Marketing Lesson from My Teenage Daughter

Today was a momentous day. It was the first time my 14 year old asked to borrow a piece of clothing from me-a white Nike sweatshirt. This is like a rite of passage and it was quite unexpected since my daughter is a size 0 and I’m a size 10 (I’m being honest here). Unfortunately the above mentioned sweatshirt was in the dirty laundry and unavailable, which, although I was happy she asked, was just fine with me since it’s very comfy and is my favorite.What amused me was that if I had offered to lend her that sweatshirt a week or even a day ago she wouldn’t have been interested. She would have looked aghast that I would even suggest she wear a MOM shirt-kind of like wearing MOM jeans-you know, the ones that actually reach almost to your waist.

This is just like in business-people don’t want your product or service until they do; until they have a problem or need and the time has come to solve it, or they have developed a desire for something and they want it now. Say you’re a car dealer and you run commercials on TV. Who will stop and listen? The person who has decided it’s time to buy a new car. If I’m perfectly happy with my car, why would I pay attention?

We often love what we sell so much that we have an assumption that everyone who we put our message in front of is actually paying attention. The truth is that if their need, want or desire for your solution is not top-of-mind, their attention will be drawn elsewhere. Don’t take it as a personal insult. After all it’s a human response, especially when everyone and their uncle are vying for our attention.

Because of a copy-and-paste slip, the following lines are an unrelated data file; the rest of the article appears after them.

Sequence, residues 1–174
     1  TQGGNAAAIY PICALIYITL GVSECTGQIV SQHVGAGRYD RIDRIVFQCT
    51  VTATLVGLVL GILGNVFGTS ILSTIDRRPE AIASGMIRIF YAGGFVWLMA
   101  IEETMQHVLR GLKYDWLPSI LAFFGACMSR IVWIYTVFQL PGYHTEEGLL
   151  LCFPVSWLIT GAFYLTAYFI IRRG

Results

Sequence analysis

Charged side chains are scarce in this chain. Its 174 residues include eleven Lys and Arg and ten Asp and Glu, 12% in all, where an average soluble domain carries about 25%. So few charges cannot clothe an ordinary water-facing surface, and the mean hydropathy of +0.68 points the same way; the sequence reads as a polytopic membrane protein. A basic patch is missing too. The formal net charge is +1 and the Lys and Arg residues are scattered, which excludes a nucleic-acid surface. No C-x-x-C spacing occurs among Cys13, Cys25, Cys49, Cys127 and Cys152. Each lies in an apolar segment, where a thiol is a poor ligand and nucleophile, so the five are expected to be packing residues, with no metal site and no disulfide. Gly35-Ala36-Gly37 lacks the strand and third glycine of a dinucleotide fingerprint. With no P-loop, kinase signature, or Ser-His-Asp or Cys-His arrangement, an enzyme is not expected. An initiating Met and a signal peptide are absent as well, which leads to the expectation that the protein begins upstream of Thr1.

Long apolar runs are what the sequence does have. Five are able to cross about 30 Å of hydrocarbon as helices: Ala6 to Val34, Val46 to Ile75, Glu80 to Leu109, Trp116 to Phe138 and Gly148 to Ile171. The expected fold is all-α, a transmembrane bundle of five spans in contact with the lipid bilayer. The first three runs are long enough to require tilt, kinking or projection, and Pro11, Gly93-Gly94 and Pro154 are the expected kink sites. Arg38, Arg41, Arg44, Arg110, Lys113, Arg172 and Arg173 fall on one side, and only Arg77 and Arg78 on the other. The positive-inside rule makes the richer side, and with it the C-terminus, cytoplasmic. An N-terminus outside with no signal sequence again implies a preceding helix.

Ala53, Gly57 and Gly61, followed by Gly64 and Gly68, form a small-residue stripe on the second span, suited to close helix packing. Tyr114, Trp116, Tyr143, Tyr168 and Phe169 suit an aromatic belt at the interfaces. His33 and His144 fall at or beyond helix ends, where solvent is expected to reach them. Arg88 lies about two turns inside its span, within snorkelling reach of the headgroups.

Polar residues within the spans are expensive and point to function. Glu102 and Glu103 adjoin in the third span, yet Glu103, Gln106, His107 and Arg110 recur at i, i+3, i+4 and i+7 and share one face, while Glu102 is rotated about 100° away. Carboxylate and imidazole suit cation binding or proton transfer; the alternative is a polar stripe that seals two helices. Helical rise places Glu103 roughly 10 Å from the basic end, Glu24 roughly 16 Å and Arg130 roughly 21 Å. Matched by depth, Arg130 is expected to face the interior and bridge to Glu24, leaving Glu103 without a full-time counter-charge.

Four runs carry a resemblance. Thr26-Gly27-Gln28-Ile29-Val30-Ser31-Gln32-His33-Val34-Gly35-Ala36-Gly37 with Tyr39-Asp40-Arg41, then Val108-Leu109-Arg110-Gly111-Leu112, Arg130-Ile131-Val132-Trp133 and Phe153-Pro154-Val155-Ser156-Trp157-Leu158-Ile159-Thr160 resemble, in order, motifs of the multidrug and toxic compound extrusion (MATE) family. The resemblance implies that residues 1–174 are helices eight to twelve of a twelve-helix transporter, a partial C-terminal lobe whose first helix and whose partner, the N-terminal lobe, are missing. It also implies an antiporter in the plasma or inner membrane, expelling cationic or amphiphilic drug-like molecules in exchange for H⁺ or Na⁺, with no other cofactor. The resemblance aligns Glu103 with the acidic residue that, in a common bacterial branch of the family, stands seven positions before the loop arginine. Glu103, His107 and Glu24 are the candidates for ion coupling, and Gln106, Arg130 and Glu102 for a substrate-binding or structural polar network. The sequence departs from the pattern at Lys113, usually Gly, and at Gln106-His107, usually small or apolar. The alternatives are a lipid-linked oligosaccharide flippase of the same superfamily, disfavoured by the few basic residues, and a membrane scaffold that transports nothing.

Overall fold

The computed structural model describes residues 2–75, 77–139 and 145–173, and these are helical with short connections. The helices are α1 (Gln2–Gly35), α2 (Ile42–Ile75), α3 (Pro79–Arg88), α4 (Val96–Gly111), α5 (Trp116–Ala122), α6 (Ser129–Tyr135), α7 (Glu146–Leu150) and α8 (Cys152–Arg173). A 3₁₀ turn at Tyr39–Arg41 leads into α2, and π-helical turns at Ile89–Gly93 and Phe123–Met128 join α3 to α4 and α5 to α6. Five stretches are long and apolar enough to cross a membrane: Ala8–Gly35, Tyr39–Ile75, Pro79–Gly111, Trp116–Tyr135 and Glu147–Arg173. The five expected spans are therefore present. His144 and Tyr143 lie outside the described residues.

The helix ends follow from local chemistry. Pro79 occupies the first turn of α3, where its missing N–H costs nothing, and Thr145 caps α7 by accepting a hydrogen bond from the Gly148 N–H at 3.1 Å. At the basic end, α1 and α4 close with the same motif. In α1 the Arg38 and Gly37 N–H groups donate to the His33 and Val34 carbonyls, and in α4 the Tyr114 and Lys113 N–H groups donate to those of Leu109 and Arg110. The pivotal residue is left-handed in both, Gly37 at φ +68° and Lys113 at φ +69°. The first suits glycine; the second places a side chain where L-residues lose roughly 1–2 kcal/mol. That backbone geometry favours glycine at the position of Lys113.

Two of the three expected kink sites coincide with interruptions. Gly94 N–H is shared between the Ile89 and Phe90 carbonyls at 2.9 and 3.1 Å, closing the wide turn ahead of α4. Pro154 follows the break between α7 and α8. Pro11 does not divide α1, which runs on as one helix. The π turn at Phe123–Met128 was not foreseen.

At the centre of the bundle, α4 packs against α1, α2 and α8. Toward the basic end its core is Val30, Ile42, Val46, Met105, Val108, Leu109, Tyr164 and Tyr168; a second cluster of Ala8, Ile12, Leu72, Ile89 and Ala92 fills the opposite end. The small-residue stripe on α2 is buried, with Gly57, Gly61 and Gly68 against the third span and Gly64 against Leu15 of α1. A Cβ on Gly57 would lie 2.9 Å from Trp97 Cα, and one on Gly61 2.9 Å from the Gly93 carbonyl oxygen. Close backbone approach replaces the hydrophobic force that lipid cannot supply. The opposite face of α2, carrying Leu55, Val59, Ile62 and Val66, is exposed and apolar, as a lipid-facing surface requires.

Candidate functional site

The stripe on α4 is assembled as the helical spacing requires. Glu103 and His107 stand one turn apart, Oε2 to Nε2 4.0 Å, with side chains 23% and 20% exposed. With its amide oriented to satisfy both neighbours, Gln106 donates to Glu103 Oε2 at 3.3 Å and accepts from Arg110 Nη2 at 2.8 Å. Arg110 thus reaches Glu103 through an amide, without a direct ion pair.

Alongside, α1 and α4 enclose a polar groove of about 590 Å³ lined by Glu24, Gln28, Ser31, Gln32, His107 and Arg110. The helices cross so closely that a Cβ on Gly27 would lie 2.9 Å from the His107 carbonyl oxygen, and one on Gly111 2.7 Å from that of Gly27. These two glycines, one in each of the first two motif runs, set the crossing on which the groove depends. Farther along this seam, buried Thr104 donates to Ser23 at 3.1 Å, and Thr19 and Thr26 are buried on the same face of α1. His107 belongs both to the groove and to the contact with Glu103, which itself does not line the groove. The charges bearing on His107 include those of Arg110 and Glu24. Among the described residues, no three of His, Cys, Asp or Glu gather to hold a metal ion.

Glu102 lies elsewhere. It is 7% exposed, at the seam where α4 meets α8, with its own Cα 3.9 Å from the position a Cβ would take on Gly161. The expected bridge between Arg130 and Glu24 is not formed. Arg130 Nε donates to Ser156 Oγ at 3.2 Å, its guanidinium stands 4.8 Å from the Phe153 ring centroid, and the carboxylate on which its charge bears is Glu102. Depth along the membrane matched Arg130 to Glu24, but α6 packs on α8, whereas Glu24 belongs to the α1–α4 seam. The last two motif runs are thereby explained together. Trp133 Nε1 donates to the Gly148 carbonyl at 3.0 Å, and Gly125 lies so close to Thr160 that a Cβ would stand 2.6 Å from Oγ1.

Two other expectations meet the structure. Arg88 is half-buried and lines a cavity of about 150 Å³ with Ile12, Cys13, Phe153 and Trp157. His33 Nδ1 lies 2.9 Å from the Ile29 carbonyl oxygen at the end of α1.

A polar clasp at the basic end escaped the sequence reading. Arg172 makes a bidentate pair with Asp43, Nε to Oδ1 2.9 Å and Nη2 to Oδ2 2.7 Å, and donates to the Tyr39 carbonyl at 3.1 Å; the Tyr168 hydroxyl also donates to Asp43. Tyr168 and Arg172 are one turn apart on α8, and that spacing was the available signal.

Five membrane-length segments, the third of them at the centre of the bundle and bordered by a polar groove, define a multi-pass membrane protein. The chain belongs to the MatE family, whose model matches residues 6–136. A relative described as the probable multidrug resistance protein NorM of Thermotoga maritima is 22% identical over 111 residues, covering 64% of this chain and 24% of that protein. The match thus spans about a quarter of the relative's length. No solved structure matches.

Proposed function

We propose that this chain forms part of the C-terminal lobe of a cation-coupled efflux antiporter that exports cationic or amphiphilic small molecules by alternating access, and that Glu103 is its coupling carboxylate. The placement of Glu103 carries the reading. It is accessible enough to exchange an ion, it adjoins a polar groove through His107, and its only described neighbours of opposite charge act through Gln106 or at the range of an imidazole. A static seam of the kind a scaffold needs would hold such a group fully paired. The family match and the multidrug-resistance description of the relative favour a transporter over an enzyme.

That’s why it’s so important to target your marketing toward the specific group of people who might buy from you, rather than too broad a group of people. Marketing is becoming more and more niched. An example would be a chiropractor who advertises in the local newspaper. The demographics are much too broad as there are many readers who have no interest or need for a chiropractor. Instead, using Google or Yahoo pay-per-click ads based on targeted search terms like perhaps, “Raleigh chiropractors” or “back pain relief” would yield much better results.

So go directly where you can connect with the people who need you. Well, I guess I better get that sweatshirt washed-it’s in demand!

1 Comment
  • Elizabeth Laurino
    Posted at 15:57h, 02 February Reply

    Janis,

    This is such a powerful message. This is one of the lessons you taught us at Hands On Health years ago. You said to us that it’s not about what WE want to sell. It’s about what the CUSTOMER wants to buy.

    This is a great article and as usual you give great advice.

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